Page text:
i-Catcher Console User Guide Feed Windows and Layout i-Catcher Console features a very flexible layout system that not only allows virtually any on-screen layout. and green indicates no motion. The next icon configures motion masks for the feed. A grey LED indicates that the feed has been stopped. A full-screen feed can be restored by clicking on the feed and then pressing Escape or F11. Please see the appropriate sections of this manual for more information. Layouts The feeds currently on screen can be automatically arranged into a ‘best-fit’ by clicking the Auto-Arrange button. The middle of the three magnifying glass icons resets the window to its native size. Orange indicates less recent motion. Red indicates recent motion (as is confirmed by the green crosshair). If PTZ has not been configured you will be prompted to specify a PTZ driver and settings first. The tools icon and bell icon configure the feeds settings and alerts respectively. 12 . the number of cameras can’t be elegantly fitted on screen while maintaining the correct aspect ratio. The camera icon takes a snapshot. Please see the section on motion detection and masking for more information. Click on the camera icon again to leave this mode. and are not moved to other monitors. but also to switch between layouts as required. the playback button brings up the playback viewer for the feed. Each feed window features a toolbar that allows some aspects to be adjusted. and you will see a ‘hole’ in the layout. An example of a feed window in iCatcher Console is shown on the right. Lastly. In some cases. The next icon sets the feed to be full screen. The two-arrows icon brings up the PTZ controls for this feed. A single click will record one image to the history regardless of motion. feed windows are only moved within the monitor they are on. you can click on the button without using CTRL. The current layout can be saved by holding CTRL and clicking on one of the 12 numbered layout buttons. The next three icons allow the window to be zoomed in or out. Holding CTRL while clicking the camera icon will enter snapshot mode. To restore a layout. The ‘LED’ on the left of the toolbar indicates the motion level. Note that in a multiple monitor system. where every captured image is recorded.

so layouts can be flexible across multiple monitors. The window shown opposite appears. Each feed window can be dragged between monitors and set wherever necessary. Multi-Monitor Support i-Catcher Console uses separate processes for each feed it runs. and select ‘Configure layout cycling’. as well as force an ‘early jump’ to the next layout. To control this behaviour. 13 . click on the layout cycling button. When saving a layout. and allows you to enable the layout cycling feature as well as specify which layouts to cycle and how frequently to cycle them. You can also enable and disable layout cycling from the menu that appears when you click the layout cycling button. its monitor location is saved along with its position.i-Catcher Console User Guide i-Catcher Console supports automatic cycling between layouts.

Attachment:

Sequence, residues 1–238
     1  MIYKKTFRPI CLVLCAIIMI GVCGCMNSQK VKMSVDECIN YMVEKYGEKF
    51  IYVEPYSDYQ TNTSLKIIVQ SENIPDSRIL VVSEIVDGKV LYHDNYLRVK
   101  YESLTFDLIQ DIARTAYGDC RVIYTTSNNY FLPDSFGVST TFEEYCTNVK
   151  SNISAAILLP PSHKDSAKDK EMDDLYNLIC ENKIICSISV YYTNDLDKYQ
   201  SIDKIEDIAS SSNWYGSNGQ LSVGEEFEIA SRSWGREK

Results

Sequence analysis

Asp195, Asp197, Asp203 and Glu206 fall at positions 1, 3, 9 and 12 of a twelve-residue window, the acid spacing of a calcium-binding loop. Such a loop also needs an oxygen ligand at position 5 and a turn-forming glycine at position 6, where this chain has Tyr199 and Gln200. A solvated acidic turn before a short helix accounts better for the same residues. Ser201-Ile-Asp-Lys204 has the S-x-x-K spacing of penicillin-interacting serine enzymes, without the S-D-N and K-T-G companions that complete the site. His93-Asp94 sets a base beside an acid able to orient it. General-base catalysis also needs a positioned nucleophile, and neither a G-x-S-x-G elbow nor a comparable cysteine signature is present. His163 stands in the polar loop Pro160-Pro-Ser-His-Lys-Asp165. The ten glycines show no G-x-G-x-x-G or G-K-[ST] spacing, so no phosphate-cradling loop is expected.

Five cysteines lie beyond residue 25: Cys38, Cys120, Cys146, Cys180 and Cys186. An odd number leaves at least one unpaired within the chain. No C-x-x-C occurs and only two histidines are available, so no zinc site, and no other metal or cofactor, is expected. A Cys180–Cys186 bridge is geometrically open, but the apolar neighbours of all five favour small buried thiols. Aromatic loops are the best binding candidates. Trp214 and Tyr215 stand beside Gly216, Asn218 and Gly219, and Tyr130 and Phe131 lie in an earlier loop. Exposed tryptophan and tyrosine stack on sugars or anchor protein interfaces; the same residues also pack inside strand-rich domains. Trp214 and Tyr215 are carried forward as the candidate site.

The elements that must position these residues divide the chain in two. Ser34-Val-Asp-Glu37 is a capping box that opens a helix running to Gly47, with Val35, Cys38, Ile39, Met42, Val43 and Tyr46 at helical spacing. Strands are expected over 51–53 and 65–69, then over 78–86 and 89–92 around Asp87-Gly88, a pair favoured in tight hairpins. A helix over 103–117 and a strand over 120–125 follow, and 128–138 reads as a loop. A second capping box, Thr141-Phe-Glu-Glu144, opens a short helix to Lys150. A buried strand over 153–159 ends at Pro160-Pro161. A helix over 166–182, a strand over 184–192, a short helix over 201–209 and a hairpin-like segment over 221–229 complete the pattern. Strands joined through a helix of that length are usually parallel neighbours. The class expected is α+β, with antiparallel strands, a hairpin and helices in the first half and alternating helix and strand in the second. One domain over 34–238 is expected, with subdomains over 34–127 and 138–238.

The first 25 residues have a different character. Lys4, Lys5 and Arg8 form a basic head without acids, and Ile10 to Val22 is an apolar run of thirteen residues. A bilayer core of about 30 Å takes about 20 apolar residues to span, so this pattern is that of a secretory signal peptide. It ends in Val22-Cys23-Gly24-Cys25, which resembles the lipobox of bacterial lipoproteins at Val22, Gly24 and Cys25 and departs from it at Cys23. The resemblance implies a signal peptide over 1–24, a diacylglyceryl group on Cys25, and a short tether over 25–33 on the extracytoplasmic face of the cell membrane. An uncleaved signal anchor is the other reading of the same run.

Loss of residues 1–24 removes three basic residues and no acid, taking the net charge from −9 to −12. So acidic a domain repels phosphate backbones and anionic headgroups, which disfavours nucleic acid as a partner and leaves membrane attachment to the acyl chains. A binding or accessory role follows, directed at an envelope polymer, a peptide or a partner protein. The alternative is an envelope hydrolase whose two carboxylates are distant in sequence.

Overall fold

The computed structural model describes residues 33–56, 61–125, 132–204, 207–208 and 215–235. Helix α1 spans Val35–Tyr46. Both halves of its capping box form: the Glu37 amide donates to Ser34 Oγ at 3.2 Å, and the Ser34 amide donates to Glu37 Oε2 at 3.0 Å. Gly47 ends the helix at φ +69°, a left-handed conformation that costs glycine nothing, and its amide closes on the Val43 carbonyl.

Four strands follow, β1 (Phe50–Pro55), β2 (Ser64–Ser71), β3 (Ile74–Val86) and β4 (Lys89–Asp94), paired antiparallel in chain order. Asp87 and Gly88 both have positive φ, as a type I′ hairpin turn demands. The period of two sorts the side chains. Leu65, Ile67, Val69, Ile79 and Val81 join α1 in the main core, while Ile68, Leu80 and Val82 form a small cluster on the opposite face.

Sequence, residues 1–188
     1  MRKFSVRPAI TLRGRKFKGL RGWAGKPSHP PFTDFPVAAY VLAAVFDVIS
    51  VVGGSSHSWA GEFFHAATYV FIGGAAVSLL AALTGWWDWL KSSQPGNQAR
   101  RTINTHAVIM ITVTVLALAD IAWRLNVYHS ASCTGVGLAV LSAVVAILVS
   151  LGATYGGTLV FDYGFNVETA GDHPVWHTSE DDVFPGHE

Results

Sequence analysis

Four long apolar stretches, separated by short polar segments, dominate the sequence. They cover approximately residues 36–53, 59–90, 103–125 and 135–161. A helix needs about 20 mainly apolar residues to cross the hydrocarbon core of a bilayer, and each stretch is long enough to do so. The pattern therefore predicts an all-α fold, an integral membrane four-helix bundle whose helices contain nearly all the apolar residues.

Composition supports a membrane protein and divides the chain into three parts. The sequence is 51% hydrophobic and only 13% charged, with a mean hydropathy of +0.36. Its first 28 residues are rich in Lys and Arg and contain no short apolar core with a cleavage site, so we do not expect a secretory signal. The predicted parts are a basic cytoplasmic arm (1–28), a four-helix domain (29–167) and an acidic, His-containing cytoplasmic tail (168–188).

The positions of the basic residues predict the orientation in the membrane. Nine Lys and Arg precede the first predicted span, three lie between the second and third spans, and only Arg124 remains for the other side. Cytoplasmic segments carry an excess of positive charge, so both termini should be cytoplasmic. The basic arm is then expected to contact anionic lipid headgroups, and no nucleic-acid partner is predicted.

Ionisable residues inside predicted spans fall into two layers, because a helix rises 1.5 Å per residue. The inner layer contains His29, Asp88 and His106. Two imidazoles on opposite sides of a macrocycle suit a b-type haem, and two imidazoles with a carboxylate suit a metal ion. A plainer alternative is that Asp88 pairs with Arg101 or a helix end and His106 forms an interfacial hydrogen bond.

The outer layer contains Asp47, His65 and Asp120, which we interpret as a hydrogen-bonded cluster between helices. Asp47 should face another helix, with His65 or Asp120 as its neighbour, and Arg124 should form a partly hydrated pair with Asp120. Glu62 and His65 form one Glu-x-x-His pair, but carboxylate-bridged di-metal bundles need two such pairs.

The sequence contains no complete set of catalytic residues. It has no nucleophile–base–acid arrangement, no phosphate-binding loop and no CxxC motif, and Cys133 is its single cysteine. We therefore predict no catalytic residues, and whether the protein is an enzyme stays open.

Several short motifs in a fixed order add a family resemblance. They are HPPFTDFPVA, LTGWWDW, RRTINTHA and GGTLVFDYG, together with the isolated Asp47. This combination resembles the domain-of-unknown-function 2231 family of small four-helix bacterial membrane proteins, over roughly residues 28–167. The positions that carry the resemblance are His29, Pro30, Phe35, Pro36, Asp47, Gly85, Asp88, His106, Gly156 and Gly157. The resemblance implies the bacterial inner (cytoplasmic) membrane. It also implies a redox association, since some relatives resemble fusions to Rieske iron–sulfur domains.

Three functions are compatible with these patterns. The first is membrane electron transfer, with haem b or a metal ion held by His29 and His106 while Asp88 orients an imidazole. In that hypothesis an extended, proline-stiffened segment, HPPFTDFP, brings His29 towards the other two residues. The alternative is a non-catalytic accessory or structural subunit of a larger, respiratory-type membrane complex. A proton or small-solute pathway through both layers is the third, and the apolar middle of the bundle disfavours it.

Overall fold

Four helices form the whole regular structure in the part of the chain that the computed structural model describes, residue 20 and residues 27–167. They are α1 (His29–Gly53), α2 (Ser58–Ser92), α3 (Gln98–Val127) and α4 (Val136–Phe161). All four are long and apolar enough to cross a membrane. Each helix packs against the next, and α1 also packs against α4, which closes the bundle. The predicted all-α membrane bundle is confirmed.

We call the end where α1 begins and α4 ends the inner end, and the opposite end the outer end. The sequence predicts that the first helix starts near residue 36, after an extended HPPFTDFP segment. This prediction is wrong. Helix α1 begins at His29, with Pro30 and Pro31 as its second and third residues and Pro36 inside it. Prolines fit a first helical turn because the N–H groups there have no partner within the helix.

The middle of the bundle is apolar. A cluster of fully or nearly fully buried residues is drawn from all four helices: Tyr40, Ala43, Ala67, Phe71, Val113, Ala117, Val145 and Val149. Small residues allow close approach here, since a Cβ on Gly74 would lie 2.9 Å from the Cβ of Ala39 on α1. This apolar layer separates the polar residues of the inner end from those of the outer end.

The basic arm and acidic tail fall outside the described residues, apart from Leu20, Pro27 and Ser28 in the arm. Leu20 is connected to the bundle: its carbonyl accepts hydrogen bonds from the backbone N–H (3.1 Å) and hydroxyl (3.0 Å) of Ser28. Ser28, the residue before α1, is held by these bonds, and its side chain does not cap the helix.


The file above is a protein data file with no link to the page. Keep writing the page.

Step forward one image. e. or by right-clicking on the feed in the tree list and clicking on ‘Playback’. When selected. There is a Film Strip option to show the previous and next two images. The viewer starts with the first recorded image of the day. Archiving and Validation section) using the stills browser. It is also possible to playback images that have been archived (see the Storage.i-Catcher Console User Guide Playback Each feed window has an associated playback window that can be accessed either by clicking the playback button on the feed window. There are also tools on the top of the playback window: Show/Hide playback controls Digital Zoom Out Digital Zoom In Print Image Create AVI Video Add Image to Gallery Show/Hide Film Strip Show Native Size Copy Image to clipboard Show/Hide Image Enhancement Show Image Information Image Enhancement. adjust the playback speed. this causes playback to continually loop through the last recorded images as specified. The playback window is shown opposite. Set loop playback mode. and controlling the playing of images. which allow you to adjust the gamma correction and brightness of the image to reveal extra details. It is also possible to operate playback in ‘loop play’ mode.g. you can show the image enhancement controls. Stop. Go to end of images. Play backwards. Also available are controls to jump to a different date and time. Play forwards. The playback window is updated as new images are recorded (if applicable). thereby continually showing the last motion event. and a marker points on the timeline to the current position. 14 . The play controls are as follows: Go to beginning of images. due to bad weather. Film Strip & Gallery For images recorded that are not clear. This is accessed via the Support button on the main Console menu bar. Go back one image. The timeline shows in coloured bars the points during the day in which motion was detected and recorded.